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Boykin v. Home Choice of Alabama, Inc.

United States District Court, S.D. Alabama, Southern Division

October 26, 2018

QUEEN BOYKIN, Plaintiff,
v.
HOME CHOICE OF ALABAMA, INC., d/b/a SPRINGHILL HOME HEALTH AND HOSPICE, Defendant.

          ORDER

          WILLIAM H. STEELE UNITED STATES DISTRICT JUDGE.

         This matter comes before the Court on defendant Home Choice of Alabama, Inc.'s Partial Motion to Dismiss (doc. 7). The Motion has been briefed and is now ripe.

         I. Relevant Background.

         Plaintiff, Queen Boykin, brought this action against her former employer, Home Choice of Alabama, Inc., alleging violations of the Americans with Disabilities Act, 42 U.S.C. §§ 12101 et seq., and the Family and Medical Leave Act of 1993, 29 U.S.C. §§ 2601 et seq. (the “FMLA”). As presently framed, Boykin's Amended Complaint sets forth four causes of action against Home Choice, three of which arise under the FMLA. Those FMLA claims, which are the subject of defendant's Rule 12(b)(6) motion, consist of the following: a claim of FMLA interference, asserting that Home Choice interfered with Boykin's rights by failing to provide her with FMLA paperwork, failing to advise her of FMLA rights, and denying her FMLA leave to which she was entitled (Count II); a claim of FMLA interference, asserting that Home Choice interfered with Boykin's rights by terminating her employment (Count III); and a claim of FMLA discrimination/retaliation, asserting that Home Choice retaliated against Boykin by terminating her employment for attempting to exercise her FMLA rights (Count IV). Home Choice now seeks dismissal of Counts II through IV, by challenging the sufficiency of the Amended Complaint to plead that Boykin was qualified to avail herself of FMLA leave, to plead prejudice for purposes of Count II, and to plead distinct causes of action for Counts III and IV.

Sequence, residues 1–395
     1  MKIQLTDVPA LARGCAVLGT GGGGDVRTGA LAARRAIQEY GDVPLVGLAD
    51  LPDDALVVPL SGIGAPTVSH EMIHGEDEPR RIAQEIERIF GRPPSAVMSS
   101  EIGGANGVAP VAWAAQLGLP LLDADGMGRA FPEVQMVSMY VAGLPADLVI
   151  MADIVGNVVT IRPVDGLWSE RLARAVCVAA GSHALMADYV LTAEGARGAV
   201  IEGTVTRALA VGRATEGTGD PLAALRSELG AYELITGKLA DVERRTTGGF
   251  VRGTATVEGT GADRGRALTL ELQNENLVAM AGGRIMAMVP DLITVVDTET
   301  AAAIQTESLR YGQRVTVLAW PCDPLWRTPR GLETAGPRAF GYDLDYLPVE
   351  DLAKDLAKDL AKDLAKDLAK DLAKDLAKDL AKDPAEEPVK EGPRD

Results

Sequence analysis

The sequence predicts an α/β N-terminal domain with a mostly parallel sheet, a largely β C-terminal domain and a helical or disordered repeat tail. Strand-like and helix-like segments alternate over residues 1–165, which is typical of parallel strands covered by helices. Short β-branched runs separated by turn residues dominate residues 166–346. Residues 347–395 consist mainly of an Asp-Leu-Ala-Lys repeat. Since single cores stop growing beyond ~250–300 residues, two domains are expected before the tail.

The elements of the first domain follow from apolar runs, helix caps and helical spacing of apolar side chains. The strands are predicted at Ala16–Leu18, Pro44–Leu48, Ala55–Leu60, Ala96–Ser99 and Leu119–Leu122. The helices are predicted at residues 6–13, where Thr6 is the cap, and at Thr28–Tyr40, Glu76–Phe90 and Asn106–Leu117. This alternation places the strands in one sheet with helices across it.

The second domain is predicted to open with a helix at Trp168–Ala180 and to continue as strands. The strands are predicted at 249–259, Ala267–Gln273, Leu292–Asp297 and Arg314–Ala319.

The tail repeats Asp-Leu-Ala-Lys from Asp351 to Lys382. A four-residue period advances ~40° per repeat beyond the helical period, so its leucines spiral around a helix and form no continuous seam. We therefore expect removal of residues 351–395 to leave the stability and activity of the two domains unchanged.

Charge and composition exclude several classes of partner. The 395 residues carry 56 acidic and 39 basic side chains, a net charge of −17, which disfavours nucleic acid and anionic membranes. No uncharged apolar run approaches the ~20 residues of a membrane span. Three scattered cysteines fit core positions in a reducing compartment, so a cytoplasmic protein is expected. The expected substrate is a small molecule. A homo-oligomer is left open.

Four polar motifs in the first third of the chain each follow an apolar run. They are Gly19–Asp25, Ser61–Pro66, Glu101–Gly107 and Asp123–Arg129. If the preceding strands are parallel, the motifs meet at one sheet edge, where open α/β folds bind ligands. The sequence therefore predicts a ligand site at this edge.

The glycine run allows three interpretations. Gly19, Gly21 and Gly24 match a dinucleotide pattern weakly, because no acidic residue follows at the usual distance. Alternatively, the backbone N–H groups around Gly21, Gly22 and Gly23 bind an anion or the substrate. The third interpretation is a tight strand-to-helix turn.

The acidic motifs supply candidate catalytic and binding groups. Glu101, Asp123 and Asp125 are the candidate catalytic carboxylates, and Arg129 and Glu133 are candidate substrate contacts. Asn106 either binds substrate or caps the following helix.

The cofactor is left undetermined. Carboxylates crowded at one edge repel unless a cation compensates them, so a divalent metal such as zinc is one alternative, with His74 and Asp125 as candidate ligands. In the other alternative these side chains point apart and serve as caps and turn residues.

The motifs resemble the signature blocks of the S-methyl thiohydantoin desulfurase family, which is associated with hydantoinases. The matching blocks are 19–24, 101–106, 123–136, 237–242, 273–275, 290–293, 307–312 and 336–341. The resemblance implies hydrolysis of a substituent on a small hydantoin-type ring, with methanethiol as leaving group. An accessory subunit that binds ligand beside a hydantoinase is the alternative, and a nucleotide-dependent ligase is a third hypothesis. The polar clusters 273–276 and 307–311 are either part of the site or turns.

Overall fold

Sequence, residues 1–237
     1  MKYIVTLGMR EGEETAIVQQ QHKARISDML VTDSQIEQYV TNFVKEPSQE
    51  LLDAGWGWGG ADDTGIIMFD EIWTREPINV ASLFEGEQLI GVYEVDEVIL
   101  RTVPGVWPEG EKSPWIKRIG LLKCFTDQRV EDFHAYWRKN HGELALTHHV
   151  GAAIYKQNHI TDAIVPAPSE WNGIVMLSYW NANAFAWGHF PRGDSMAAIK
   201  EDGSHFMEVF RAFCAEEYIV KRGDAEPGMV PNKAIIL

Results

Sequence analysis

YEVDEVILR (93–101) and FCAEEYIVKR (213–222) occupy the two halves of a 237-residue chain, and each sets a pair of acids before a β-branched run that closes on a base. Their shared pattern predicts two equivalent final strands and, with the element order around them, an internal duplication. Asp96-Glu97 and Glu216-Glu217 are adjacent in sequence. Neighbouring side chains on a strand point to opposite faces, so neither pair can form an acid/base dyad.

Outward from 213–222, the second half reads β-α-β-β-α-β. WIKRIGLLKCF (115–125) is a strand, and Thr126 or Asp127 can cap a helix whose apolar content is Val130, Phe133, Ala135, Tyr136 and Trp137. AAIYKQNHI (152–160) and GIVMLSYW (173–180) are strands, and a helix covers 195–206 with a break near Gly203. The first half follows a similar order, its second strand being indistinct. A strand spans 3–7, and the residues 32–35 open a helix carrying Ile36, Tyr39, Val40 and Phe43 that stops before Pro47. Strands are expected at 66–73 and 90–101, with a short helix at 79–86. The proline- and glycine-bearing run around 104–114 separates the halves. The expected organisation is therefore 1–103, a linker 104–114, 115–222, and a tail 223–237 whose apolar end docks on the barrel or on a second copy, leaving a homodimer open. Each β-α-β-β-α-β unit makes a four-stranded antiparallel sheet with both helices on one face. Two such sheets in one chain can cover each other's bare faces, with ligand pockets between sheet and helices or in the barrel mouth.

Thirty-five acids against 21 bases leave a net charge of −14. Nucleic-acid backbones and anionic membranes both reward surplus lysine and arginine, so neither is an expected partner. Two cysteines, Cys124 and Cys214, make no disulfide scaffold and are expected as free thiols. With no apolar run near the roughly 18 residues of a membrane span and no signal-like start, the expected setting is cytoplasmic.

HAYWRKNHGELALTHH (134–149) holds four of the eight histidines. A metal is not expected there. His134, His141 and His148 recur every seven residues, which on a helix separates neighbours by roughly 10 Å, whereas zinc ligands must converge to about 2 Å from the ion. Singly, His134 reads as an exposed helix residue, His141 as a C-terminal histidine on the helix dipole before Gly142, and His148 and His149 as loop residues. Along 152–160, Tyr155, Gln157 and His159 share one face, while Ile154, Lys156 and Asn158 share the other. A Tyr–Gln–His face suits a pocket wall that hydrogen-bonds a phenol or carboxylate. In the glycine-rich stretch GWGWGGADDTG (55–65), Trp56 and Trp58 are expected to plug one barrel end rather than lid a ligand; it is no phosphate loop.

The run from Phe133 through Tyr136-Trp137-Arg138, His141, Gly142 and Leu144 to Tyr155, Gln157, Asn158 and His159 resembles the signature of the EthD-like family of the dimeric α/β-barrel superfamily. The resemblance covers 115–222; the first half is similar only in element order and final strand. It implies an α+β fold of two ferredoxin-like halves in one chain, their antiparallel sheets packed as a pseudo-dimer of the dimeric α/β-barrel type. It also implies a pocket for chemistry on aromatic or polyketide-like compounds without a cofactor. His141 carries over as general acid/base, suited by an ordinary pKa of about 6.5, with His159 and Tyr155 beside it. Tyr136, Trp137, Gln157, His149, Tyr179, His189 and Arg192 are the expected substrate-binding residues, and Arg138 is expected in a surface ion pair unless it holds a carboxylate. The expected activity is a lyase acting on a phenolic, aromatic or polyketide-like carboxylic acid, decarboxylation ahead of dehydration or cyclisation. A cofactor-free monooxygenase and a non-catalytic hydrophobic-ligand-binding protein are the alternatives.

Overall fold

According to the well-pleaded factual allegations of the Amended Complaint, [1] Boykin “is the principal caretaker and is needed to care for her dependent adult son, who suffers from permanent brain injury as a result of a car accident.” (Doc. 5, ¶ 17.) The Amended Complaint further alleges that Boykin's “son's medical condition/disability requires specific care and renders him incapable of self-care because of a mental or physical disability.” (Id.) Plaintiff's pleading also states that Boykin's “son required rehabilitation which he received twice a week with Easter Seals, ” and that Boykin needed “to take her son to/from his rehabilitation appointments due to the Plaintiff's need to care for her son due to his incapability of self-care because of a mental or physical disability.” (Id.)

         II. Analysis.

         A. Governing Legal Standard.